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I agree with you. Lots of effort is needed. But not all part of chess are solved that way--so much talk by everyone—you, me, all of us—about more problems, more time, more intensity. But quietly sitting with a board, looking at simple positions and asking, “how is this won?” I guess this is a lot more like GM-Ram than CTS, TASC, CT Art 3.0, Renko, Polgar’ brick, or even 1001 Sacrifices and Combinations or 3000 blitz games on the web.
Further along side the obvious mention of Dvoretsky’s Endgame Manual (or Mueller’s Fundamental Chess Endings), we could just as easily mention his School of Chess Excellence 2: Tactics, or School of Chess Excellence 3: Strategy. There he gives exercise that you can spend hours on or days. Not 10,000 problems, or 50 problems, maybe not even ten--but one chess problem. You know all this already, but I believe that this bears mentioning here. Or take Agur’s 'Bobby Fischer’s Approach to Chess' (recommended by Jonathan Tisdall in Improve Your Chess Now. How many months might a person tracing the connectivity through all those related positions?--real chess.
And lastly, Shereshevsky in his Endgame Strategy book covers these deep, but overtly simple positions, but more like middle game to endgame transitions. In your wonderful post of Wednesday June 28th, 2006, titled “What Do you do with Your Analysis”, you touch on this. I say, may god have me do more work like this!
WHERE IS THE SELF OR OUR LIFE IN ALL THIS?
In business, marginal analysis is key to understanding how companies improve and distinguishing where they split. Not to upset any liberals, but the beauty of business is that, like chess you always get a report card. And the same can be said of major sports. Or even politics…
In business you get to see how much money you make. This is the good part (the bad part of course is that often times companies and/or business owners who own and control capital sacrifices the quality of lives of others in the single minded pursuit of maximal profits. Again, others elsewhere write of this).
Along with this line about effort, there is a person, there is a life. If we work at least eight hours, as we mainly do in the west if not much more in other countries (most notably east Asia where going home early is de rigor, or verboten. Where are you going, as they cast their glance), and travel on average 1.25 hours, then a lunch, then getting out the door and in the door or making lunch or other such “prep”, we easily use 11 hours. The 6 or 8 of sleep. We read our email, call a friend or take out the recycled waste… Then our loved ones… so there is 18 hours work and sleep, travel or mobilization, then 2 to 4 for relational stuff, eating or replenishment, entertainment, exercise. It is not my purpose here to argue 'time savers' such as living close to work, or cycling, or organic food. Just the raw number. So now we add the 11, then the 7, then the 3 and that’s 21 hours.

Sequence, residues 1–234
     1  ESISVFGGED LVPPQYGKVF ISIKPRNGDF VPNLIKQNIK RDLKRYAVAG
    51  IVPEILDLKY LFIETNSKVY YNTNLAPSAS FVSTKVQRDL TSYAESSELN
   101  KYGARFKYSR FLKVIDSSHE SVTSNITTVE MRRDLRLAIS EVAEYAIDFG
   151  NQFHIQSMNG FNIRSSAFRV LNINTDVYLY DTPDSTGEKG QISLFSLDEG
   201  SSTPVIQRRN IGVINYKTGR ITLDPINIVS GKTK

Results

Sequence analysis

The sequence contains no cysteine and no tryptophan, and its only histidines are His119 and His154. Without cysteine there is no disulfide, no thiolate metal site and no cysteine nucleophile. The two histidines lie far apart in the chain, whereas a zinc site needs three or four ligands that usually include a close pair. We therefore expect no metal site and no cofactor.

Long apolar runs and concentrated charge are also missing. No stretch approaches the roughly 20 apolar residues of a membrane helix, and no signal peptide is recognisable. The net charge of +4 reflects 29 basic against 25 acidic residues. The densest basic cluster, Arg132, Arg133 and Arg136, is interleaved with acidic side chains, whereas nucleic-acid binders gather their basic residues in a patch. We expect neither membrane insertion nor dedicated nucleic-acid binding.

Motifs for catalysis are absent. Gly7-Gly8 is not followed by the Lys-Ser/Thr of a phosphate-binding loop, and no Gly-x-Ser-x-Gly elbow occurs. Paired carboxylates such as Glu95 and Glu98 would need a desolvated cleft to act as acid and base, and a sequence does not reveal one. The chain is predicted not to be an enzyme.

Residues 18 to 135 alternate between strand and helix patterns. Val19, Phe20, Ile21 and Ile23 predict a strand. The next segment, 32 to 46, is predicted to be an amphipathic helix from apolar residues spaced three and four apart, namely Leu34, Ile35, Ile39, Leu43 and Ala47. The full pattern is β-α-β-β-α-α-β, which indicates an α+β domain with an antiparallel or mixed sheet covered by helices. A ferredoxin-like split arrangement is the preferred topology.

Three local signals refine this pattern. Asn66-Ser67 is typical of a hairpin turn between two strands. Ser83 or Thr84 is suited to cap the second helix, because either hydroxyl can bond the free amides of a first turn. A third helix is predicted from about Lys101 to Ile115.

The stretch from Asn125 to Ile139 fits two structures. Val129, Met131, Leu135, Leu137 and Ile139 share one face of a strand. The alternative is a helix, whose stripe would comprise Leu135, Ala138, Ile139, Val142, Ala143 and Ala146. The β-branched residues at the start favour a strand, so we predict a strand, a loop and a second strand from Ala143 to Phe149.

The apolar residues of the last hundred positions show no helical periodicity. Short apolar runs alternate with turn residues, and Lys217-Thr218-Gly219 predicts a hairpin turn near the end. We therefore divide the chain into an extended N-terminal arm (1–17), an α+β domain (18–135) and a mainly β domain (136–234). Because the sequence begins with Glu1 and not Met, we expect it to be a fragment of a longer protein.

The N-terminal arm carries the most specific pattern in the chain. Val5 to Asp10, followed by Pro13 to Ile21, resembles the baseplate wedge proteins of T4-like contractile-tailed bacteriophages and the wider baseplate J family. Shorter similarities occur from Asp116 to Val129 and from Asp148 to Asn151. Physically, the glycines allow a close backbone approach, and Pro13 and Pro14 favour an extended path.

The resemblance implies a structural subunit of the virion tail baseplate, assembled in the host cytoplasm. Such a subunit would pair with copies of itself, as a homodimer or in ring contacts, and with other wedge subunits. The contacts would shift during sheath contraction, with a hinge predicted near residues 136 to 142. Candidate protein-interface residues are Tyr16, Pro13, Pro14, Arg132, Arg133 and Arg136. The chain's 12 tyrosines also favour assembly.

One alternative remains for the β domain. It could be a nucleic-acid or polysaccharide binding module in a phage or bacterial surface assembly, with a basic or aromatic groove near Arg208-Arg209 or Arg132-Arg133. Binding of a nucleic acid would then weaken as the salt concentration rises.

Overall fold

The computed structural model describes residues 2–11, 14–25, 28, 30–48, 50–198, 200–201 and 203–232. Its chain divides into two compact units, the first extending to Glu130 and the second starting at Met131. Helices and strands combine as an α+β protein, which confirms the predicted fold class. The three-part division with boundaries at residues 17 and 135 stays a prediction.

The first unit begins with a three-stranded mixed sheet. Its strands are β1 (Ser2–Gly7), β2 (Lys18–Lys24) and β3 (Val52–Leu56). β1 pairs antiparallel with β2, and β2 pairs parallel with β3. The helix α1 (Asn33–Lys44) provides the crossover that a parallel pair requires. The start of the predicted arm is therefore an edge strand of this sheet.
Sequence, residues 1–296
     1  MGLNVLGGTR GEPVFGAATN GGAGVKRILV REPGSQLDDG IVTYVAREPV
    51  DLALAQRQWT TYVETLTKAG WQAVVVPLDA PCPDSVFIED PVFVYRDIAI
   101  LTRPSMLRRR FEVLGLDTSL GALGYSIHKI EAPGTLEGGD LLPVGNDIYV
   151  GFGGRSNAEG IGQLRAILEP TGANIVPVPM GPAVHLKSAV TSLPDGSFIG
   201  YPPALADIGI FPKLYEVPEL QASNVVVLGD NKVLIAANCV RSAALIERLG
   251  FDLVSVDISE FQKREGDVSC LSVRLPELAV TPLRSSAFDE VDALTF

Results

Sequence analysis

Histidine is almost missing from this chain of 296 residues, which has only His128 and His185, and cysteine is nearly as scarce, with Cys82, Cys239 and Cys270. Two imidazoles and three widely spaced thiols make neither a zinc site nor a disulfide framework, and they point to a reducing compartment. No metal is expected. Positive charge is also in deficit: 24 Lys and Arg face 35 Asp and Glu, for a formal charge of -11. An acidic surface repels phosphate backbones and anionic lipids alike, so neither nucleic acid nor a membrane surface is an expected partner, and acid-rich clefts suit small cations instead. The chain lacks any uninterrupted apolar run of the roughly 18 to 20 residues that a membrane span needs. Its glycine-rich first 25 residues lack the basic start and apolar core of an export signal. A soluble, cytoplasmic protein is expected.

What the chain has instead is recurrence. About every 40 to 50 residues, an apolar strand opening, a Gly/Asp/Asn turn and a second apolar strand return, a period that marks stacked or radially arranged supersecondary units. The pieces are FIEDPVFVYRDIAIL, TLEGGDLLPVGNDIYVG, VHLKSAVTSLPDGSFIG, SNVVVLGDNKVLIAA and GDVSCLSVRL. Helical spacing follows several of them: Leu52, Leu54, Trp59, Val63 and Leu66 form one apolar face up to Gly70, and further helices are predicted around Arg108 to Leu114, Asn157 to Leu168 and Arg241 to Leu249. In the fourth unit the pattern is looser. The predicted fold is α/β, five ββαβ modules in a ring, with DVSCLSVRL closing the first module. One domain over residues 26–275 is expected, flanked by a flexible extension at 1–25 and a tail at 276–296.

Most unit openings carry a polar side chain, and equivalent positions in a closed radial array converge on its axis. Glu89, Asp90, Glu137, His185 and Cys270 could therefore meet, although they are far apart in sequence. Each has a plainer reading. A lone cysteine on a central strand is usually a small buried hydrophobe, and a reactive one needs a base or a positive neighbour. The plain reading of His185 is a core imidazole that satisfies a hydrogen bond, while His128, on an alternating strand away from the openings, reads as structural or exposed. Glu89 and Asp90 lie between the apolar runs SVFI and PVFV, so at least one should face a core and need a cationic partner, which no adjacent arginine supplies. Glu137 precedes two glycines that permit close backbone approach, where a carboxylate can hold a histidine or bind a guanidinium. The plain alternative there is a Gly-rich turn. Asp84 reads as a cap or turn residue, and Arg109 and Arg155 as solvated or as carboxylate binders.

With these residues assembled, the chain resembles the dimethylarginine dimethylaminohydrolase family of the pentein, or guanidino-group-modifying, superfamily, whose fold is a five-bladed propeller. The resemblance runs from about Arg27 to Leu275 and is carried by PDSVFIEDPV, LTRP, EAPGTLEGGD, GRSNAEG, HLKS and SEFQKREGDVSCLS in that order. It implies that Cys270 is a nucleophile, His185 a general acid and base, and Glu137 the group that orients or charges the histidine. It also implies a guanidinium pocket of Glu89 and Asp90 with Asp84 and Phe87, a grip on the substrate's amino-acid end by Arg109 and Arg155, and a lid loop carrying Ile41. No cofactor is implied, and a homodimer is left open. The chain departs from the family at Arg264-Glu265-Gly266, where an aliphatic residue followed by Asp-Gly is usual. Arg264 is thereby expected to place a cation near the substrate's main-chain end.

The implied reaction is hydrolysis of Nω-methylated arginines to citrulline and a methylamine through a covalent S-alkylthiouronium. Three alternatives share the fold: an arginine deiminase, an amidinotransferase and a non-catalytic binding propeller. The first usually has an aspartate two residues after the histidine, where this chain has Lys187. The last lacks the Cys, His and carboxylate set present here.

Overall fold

In business, if you are an airline and your gross margins are 3.5%, and jet fuel goes up, causing this go to up, say for example 20%, then now your overhead or SG&A (sales, general, and administrative or overhead) is now 4.2%. If on the gross margin, you only make 5.0%, your net is now 0.8, not 1.5% or a decrease of 46.6%. So a 0.7% net increase of costs in a key area (20% of 3.5%) is a huge impact. If fuel falls 20%, now 4.2% gross less 0.7% is a lot of “leverage”: You planned for 4.2, and now get a 16.67% decrease in a key cost, and go from 0.8 margin to 1.5% margin, or an 87.5% increase in profit. All this from 0.7% of something you can or cannot control.
If we study chess two to three hours a day, or play for 1.5 hours and blog for 30 minutes, this is a lifestyle choice. This is a lot more than tactical training or chess improvement, it is a way of being. “Show me what a man eats and who he associates with, and I will tell you who they are”, or however the saying goes.
We occupy ourselves, while on earth, and, it seems to me there is a lot more going on here than tactical calculation, cognition, learning, or long term memory, competition, or communities of knowledge. Chess, it seems to me is much more than that, and is a tool to activate or affect parts of the brain, and while living in life with chess, surely not doing many other things!
Old Turkey, F in School to A in Life!
In chess, we get to practice the doing of what we do somewhere else, and, it seems to me, only if these other things are sound is this chess viable. This is the tragedy of the great genius of Bobby Fischer. He won all of chess and lost nearly all of everything else: his freedom, his peace of mind, his money, his renown in a way, his proximity to others, lost good sportsmanship, lost his comfort and lost his way.
[I re-read this, and this is most of it; I will add more in the days ahead as I clarify what is missing in discussing what is missing! :)]